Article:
There is one good thing about life without professional basketball to watch. Memories of driveway and schoolyard games come along to fill the void.
Playing five-on-five basketball is not advisable right now. But remember H-O-R-S-E, Around the World, and Knockout? Part of the beauty of basketball is that it allows for so many games within the game. These mini-games can be a lot of fun, and they can all be played while keeping a safe distance from other players.
Let’s lay down some ground rules. First, although distance should be fairly easy to maintain, if you feel like you can’t, then wear a mask. Make sure everyone brings his or her own basketball and each person touches only that ball. Also, one rule that is not new: hydrate!
Though outdoor courts in Wellfleet and Provincetown remain closed per the town recreation departments, the court at the Field of Dreams in Eastham is open to those wishing to play on a real surface. Those with some extra cash can go online to order a stand-up hoop or a hoop and backboard to pin to the house.
When all else fails, find an old rusty hoop or get a bucket. Attach either to a large rectangular piece of plywood and nail that sucker to a tree or to your house alongside your driveway — setting the rim at 10 feet off the ground would make it official, but any reasonable height will do.
You need at least two people but there’s no limit on how many can play. H-O-R-S-E starts with someone shooting a ball from a position on the court that they choose. If they make it, everyone else in the game has to take the same shot. For those who make the shot, nothing happens. But if you miss, you are given a letter, starting with letter ‘H.’
Once all players have taken that shot, the player who was first to hit it gets to pick a next shot. And by the way, if it happens that everyone misses, then players just take turns; the next player gets to establish a shot and the game continues from there.
If you get all five letters, you’re eliminated. The last person standing wins.
This one is fun because you can take trick shots like bouncing the ball off the ground, shooting from behind the hoop, or tossing the ball around your back.
Around the World
This is a similar game that you can play on your own or with others. It’s easier to just show someone how to play, but I’ll try to explain here using some basketball terms.
Basically, you have to hit 10 shots from different marked positions on the court. Someone starts by shooting a layup on one of the blocks directly under the rim. If they make it, then they take a step back and hit a shot from the dash line that is above the block. From there, as long as they are making shots, they continue — shooting from the elbow of the key, free throw line, opposite elbow of the key, opposite dash line of the key and then the opposite block under the hoop.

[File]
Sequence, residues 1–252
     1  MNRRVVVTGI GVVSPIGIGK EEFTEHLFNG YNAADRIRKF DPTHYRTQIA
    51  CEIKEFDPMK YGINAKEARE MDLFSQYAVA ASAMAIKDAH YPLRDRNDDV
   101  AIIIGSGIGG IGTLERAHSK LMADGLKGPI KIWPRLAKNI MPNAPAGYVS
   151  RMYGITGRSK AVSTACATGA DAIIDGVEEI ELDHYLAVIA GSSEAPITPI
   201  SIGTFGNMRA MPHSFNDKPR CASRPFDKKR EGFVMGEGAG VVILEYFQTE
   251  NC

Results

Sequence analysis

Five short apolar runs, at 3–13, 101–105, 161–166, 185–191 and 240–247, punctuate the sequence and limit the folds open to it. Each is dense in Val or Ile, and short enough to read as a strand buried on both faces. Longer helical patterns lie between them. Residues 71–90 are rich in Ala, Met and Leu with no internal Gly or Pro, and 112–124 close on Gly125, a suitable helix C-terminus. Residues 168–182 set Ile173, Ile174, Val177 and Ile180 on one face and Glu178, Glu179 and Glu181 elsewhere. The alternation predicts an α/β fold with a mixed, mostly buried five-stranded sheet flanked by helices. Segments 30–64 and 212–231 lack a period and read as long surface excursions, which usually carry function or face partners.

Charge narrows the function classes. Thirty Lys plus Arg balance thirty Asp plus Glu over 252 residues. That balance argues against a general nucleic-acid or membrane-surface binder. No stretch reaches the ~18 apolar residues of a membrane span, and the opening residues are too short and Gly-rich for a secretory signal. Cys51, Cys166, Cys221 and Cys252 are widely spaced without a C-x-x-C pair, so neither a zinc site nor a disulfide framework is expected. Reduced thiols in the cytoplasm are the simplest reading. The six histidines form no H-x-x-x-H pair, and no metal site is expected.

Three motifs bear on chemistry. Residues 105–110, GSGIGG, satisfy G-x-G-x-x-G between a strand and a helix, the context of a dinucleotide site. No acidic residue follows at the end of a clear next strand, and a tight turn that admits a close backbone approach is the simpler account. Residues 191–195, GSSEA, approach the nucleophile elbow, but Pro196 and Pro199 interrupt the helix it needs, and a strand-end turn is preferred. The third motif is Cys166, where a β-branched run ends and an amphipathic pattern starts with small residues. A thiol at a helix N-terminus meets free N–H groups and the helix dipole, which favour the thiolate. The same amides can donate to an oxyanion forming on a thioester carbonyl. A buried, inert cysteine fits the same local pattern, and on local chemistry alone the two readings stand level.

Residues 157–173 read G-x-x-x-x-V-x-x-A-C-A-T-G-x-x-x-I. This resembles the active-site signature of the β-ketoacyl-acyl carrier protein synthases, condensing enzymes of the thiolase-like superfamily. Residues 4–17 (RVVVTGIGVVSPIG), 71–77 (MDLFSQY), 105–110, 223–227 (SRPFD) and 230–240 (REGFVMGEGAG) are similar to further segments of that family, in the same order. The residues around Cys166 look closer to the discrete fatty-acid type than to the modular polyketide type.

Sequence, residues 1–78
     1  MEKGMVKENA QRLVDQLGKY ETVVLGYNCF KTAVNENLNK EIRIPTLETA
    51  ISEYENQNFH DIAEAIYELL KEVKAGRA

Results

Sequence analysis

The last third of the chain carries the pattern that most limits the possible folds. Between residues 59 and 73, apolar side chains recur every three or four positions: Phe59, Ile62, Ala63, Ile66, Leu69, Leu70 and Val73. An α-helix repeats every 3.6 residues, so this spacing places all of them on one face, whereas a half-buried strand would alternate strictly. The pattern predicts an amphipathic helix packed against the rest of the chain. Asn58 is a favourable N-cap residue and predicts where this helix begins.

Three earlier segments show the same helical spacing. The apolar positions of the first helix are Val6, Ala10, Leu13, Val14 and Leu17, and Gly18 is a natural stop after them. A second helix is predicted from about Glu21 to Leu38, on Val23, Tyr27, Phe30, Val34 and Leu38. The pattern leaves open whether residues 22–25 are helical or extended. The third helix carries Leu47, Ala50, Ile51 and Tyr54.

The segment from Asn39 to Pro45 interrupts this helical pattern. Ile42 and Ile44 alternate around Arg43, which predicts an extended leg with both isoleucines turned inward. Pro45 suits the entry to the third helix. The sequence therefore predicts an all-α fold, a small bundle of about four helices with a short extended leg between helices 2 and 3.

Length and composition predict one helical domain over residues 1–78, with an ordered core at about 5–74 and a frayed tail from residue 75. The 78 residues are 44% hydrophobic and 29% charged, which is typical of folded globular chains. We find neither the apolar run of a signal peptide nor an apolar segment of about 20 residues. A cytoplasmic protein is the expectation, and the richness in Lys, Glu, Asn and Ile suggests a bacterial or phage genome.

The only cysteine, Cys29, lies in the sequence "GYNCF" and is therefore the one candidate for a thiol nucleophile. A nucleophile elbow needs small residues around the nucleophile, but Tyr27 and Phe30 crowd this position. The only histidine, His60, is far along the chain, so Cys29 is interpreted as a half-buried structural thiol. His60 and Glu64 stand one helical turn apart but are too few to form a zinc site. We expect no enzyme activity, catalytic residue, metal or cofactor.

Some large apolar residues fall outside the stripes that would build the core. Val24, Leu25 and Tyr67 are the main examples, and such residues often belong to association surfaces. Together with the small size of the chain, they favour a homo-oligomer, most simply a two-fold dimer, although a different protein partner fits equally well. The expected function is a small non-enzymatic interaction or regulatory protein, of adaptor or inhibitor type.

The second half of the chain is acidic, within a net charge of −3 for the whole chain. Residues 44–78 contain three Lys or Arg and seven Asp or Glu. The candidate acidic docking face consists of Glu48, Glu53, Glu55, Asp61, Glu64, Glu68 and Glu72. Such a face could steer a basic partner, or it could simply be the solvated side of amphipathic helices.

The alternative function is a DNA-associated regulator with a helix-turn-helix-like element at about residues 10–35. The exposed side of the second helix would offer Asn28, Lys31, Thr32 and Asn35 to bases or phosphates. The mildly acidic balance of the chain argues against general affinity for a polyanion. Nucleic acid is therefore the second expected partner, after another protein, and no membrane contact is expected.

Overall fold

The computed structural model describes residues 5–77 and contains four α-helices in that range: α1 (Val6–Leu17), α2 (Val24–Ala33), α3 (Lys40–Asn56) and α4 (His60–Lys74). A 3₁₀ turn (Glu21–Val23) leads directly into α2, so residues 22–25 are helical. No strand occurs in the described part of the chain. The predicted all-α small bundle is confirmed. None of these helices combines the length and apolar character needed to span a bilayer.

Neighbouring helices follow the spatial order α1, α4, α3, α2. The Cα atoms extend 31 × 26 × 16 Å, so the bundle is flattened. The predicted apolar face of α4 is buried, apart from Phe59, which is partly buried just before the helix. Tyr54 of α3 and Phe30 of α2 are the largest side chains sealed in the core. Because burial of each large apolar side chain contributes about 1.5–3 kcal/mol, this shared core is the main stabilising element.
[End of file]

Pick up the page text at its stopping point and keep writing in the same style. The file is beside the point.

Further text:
After doing that, step out to the three-point line. Hit a corner three, then one from the top of the three-point line, and then another corner three, and you’ll be the winner. In essence, you’re going “around the world” of the court. If you’re not on a real court, then be creative with where to shoot from.
The catch is that you must make each shot in order to move on to the next one. If you miss a shot, you have a choice. You can choose to save your place and let the next person go. Once it’s your turn again you pick up where you left off. Or, you can try a second time. If you make that second try, then you can continue shooting. If you miss your second try, then you must stop, and the next person goes. Once it’s your turn again, no matter where you left off, you have to start from the beginning because you missed both shots.
It’s a strategic game — you have to manage where other players are with their shots. If you miss a shot, will it be better to stay where you are and give the next person an opportunity? Or should you go for a second try to try to catch up to a player who has gotten far ahead?
This game requires at least four to six people and it moves fast. Everyone has his or her own ball. The game starts with players lining up single-file at the top of the three-point line. The first player shoots and the second player does so immediately after. If the first player makes a shot before the second player does, the next person in line shoots, and so on.
But, if the first player misses their shot, they have to grab the rebound and try to get it in before the second player. If the second player makes a basket before the first player does, then the first player is out, and the next two people in line begin shooting.
The gist is, when it’s your turn to shoot, get the ball in the hoop as fast as possible before the player behind you, or before the player in front of you, depending on your position. The object is to knock out every player to win.